Google’s internal data collection on competing apps raises new antitrust questions



Google chief Sundar Pichai has a couple of extra days to prepare for Big Tech’s antitrust hearing in Washington, D.C., and he’d be wise to put that extra time toward preparing for questions about Android Lockbox.

That’s the name of a recently unearthed internal program that leverages the so-called “sensitive” data collected by Android to monitor how people are using non-Google apps. The company has reportedly used that information to inform the development of its own apps.

A report from The Information that cites internal documents and “people familiar with the matter” points to one such example: As Google plotted the roll-out of its TikTok competitor, Shorts, in India, the company’s employees used Android Lockbox data to see how people were using TikTok “and its competitors.” 

Another part of the report mentions Google’s “Magic Eye” team, a group that tracks how Google apps are being used around the world. That team reportedly uses Lockbox data to show company executives how Google’s products shape up against rival offerings.

The data gathering, which has apparently been happening since as far back as 2013, isn’t so much a user privacy issue as it is an anti-competition issue. Google workers can see things like how often apps are opened and how long they’re used, but user permission is required in some cases. They can also aggregate location data to monitor usage on a regional basis, but all of it is anonymized.

Google told The Information that third-party app developers have access to the same data, though the report explains how it’s more limited for people outside the company. A developer can only collect data from devices on which their app is installed, and only if they’ve been given access.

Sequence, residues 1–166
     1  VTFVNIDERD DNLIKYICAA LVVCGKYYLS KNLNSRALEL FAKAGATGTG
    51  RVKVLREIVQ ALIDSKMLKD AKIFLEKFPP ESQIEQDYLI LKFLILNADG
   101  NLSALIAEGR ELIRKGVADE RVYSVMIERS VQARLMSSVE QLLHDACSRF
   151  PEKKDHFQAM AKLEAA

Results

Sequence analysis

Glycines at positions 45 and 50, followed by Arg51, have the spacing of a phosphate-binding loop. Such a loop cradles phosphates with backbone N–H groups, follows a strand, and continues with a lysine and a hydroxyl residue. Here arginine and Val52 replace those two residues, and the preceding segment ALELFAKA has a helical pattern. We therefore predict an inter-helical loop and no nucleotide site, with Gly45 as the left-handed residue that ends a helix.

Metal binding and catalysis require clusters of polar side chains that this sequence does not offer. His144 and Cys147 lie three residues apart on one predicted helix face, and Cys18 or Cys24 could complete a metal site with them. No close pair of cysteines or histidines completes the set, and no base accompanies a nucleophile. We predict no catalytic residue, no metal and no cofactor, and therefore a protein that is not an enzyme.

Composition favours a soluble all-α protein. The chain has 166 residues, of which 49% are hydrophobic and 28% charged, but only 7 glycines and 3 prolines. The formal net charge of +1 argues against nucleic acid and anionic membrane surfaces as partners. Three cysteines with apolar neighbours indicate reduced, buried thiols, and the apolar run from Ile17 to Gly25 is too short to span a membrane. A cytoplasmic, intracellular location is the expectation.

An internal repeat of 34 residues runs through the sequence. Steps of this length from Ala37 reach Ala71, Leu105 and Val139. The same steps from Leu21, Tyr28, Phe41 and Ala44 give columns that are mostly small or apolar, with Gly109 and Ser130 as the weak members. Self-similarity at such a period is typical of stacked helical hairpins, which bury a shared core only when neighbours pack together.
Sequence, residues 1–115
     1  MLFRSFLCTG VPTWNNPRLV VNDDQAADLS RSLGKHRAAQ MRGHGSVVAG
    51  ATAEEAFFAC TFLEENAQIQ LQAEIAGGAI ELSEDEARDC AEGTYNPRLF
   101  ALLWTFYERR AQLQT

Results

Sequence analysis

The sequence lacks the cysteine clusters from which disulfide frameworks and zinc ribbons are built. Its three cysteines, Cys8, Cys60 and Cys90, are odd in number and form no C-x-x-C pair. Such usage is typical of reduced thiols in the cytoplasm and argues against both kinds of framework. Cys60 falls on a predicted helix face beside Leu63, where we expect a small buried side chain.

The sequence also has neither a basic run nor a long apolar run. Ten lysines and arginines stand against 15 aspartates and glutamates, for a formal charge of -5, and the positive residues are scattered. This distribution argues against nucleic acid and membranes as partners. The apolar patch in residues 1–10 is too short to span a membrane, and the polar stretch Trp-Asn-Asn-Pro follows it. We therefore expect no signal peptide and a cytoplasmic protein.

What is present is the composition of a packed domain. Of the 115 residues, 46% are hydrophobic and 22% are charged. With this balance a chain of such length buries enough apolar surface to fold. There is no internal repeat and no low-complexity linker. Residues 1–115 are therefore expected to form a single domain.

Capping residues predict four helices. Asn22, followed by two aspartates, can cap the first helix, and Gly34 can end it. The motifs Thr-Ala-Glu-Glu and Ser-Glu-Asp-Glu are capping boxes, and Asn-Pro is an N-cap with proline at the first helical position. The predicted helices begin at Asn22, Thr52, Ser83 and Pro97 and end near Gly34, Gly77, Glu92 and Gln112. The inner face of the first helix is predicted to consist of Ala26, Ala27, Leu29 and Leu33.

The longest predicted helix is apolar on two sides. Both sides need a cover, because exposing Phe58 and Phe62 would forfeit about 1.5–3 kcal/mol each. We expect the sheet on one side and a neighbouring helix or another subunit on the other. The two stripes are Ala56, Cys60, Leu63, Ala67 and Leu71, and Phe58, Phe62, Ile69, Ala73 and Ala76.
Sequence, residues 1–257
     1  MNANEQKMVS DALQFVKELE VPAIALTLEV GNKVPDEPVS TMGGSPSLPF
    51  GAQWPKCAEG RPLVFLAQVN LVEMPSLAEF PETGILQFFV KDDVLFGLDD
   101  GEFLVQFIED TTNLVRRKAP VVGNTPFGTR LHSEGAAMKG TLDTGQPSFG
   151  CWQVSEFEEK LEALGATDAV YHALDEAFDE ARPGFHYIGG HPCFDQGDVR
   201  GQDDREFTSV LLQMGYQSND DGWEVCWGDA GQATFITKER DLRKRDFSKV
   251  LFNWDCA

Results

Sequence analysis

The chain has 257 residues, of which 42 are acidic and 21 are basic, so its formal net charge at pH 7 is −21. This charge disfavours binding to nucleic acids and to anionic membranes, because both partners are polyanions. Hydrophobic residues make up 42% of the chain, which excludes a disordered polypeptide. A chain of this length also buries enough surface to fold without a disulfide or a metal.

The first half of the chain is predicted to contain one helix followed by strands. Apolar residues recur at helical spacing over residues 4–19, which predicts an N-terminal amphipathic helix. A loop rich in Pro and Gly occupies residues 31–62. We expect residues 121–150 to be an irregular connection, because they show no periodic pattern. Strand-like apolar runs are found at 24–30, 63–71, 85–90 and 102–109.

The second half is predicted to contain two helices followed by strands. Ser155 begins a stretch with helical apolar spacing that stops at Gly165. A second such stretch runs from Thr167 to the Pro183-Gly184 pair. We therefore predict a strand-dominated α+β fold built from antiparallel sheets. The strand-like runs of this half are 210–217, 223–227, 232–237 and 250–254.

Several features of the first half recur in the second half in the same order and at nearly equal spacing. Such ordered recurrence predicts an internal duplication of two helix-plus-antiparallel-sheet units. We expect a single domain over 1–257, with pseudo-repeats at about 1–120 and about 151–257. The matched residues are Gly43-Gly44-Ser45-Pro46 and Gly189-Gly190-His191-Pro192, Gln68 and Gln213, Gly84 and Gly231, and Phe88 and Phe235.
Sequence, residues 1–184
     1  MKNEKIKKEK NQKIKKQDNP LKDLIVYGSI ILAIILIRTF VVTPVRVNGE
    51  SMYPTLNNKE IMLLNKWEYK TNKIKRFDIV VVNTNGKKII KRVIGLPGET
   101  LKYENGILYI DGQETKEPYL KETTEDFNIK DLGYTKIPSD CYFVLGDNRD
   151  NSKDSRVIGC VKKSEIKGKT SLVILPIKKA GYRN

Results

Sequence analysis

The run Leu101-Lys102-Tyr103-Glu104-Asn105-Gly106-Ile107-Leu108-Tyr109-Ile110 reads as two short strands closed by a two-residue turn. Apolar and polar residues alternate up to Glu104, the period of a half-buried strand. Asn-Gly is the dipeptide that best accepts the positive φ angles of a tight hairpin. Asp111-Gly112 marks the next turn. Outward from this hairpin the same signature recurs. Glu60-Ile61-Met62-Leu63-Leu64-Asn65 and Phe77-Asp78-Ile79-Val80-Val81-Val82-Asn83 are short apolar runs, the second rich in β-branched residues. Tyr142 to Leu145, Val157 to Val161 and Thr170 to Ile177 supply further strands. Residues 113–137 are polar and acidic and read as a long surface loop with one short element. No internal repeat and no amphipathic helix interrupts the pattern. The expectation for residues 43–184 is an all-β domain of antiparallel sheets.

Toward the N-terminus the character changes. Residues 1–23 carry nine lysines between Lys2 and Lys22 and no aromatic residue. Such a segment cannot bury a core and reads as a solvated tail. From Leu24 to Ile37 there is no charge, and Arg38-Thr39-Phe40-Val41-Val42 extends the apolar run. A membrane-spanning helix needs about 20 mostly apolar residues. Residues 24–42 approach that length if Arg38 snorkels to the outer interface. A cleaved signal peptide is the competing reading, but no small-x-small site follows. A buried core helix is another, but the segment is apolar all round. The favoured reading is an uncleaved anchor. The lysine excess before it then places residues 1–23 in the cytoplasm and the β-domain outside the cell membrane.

Google insiders, on the other hand, can see a much broader level of detail. The Lockbox project is apparently part of Google Mobile Services, the system-level software that’s preloaded on pretty much any Android device. The documents discussing the project describe it as a “service that collects sensitive Android user data” which can be accessed by, as The Information put it, “all teams within Google.”

It’s less of a concern at the user level because of the way Android permissions work. People are asked during setup if they’re OK with sharing data on their app usage in exchange for more of a personalized experience. That’s the kind of data Lockbox collects, but opting out means access is “much more locked down” and can only be used to “improve the Android platform,” according to the documents.

Even the pared down version of that information can be helpful to Google’s efforts as it develops products to compete in app and social media spaces. One of The Information’s sources told the site outright that the insights gleaned from Lockbox on TikTok and similar social apps in India allowed Google to plan for a sooner Shorts launch.

That’s the kind of internal behavior that could raise eyebrows (and questions) during a Congressional hearing convened to explore the perception of Big Tech’s efforts to neutralize competition.





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